$700,000 per year, or $.19 per Albertan is going to be saved by delisting this procedure in Alberta. Also note that Ontario de-listed the procedure for ten years, and was forced to reinstate it on grounds of human rights. Ultimately, I imagine the government will be spending at least as much as they intend to save by cutting the funds in the cost of litigation. I think the worst possible interpretation of this move is that this is just a senseless act of hate, feeding off of ignorance and the general sense of economic uncertainty to gain popular appeal. I’m having trouble coming up with a more charitable view though. SRS is a complicated issue that’s not cut-and-dry, even if you’re pro-trans, but tough issues aside I can’t even see the practical benefit to making this move.
An opinion piece in the New York Times by Jennifer Finney Boylan, “The XY Games”, explores the practice of gender testing in the Olympics to determine that female athletes are in fact female. The author discusses the history of this testing, its faults, and the ambiguity of sex and gender. Amongst some of the things that one might want to discuss is the following:
“So what makes someone female then? If it’s not chromosomes, or a uterus, or the ability to get pregnant, or femininity, or being attracted to men, then what is it, and how can you possibly test for it? Continue reading →
Celebrations last week for the legalization of same-sex marriage in California were joyous indeed. It was marked as a great triumph for couples like Del Martin and Phyllis Lyon, who have been together since 1953, and who were first to be married in California under the new law. In any situation where the press meets sexuality, however, the question of choice arises: why Martin and Lyon? What does a ‘normal’ gay marriage look like, anyway? We might optimistically think that the choices surrounding the publication of images of potentially controversial material are not spelled out in such explicit terms, but in this case, at least, we might be surprised. Interestingly, it has been from proponents of gay marriage that the most blatant censorship has come. Presumably out of fear that images of “guys in gowns” might scare off even more liberally-minded Americans, yet unsure of what gay marriage might spell for the norms and values of the state, leaders of the California gay/ lesbian community have been underscoring the importance of self-censorship at same-sex marriages. Jack, from Feministe, explains why she isn’t celebrating:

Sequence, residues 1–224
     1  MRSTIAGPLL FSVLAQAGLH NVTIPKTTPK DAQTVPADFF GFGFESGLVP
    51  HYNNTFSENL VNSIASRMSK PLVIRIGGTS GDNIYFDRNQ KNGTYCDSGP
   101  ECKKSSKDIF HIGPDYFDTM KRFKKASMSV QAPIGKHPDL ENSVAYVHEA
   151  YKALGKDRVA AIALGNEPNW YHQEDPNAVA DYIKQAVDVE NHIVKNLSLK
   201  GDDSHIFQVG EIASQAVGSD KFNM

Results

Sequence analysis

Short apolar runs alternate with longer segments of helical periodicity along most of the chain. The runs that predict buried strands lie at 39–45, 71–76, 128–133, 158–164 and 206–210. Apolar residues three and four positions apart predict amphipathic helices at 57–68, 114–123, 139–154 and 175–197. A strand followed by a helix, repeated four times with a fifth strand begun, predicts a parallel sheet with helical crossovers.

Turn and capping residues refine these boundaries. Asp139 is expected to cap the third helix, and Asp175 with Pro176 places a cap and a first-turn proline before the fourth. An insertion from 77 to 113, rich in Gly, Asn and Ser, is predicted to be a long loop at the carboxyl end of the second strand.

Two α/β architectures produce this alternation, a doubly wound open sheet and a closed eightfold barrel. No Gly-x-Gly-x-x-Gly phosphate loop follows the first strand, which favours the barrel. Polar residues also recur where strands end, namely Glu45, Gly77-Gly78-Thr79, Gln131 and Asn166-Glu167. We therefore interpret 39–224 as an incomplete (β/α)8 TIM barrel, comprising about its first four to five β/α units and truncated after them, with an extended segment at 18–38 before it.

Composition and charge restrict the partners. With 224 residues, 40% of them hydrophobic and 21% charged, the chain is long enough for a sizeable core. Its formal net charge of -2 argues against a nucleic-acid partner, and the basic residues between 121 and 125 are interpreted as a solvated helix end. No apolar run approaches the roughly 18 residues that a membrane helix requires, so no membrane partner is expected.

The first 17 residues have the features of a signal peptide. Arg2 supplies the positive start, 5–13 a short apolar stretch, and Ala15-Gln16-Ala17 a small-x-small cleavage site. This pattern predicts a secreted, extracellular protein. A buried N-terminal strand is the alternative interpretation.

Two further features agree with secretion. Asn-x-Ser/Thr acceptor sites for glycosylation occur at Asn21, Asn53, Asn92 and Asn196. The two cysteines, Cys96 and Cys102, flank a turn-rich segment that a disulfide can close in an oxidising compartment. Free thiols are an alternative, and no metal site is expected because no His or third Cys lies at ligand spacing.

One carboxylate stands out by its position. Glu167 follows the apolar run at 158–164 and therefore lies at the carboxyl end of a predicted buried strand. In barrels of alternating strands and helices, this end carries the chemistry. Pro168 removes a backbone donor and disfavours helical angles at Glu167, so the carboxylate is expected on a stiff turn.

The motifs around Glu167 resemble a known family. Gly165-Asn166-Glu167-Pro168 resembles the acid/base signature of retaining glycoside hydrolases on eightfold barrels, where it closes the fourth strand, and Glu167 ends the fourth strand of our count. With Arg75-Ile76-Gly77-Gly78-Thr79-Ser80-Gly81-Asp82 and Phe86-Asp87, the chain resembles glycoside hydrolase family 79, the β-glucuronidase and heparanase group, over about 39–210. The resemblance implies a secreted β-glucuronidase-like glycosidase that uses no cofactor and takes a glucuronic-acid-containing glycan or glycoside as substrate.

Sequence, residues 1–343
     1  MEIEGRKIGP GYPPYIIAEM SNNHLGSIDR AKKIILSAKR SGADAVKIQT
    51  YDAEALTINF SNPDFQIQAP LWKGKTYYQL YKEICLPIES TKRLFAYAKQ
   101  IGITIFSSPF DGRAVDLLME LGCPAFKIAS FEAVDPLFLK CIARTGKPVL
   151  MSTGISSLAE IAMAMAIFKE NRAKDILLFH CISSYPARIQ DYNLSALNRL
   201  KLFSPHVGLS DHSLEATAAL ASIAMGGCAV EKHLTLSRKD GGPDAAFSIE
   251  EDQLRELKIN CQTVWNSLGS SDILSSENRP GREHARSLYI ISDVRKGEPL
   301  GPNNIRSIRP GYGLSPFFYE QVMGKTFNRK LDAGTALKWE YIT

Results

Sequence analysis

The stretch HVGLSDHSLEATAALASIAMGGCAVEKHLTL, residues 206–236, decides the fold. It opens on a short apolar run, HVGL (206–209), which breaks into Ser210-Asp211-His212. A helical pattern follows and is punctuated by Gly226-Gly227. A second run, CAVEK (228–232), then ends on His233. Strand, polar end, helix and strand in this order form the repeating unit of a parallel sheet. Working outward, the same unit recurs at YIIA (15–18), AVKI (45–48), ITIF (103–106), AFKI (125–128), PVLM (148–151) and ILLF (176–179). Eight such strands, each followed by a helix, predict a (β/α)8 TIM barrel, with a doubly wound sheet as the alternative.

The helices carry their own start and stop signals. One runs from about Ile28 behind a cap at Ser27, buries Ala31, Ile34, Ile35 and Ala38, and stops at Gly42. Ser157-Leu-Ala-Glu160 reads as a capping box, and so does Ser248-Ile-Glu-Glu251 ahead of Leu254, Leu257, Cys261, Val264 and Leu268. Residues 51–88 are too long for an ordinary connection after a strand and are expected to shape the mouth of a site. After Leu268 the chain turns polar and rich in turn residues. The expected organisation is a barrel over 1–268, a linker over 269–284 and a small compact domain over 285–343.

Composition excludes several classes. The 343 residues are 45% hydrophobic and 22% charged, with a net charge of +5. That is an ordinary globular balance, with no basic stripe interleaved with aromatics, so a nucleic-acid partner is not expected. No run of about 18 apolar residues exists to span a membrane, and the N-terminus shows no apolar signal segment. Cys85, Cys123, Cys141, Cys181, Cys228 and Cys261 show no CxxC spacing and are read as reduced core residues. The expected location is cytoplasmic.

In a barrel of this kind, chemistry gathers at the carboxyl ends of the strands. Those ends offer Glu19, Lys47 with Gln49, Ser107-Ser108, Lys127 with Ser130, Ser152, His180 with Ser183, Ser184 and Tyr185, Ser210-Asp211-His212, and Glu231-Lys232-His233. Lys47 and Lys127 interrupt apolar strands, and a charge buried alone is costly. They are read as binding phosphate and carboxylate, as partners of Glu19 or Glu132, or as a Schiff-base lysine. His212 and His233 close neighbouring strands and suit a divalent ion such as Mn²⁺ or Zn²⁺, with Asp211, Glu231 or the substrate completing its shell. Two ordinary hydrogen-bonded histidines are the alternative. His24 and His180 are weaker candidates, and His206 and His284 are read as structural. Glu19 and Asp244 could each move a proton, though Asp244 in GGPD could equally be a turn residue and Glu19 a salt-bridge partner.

That’s right, folks: no camp here. No gender non-conformity, either. And definitely no guys in gowns.
Why? Because the marriage equality movement is largely predicated on the notion that us queers are just like “everyone else,” meaning mostly white, mostly middle-class or up, gender conforming monogamists. You know, the non-threatening queers. The rest of us should apparently find a nice closet to go hide in for a while, lest we threaten the rights that are apparently meant for the more upstanding, respectable members of the LGsomeotherlessimportantletters community….. Continue reading →
some far reaching recommendations such as
There is insufficient cultural, ethical and spiritual reasons to prohibit the use of preimplantation
genetic diagnosis for sex selection for social reasons such as ‘family balancing’.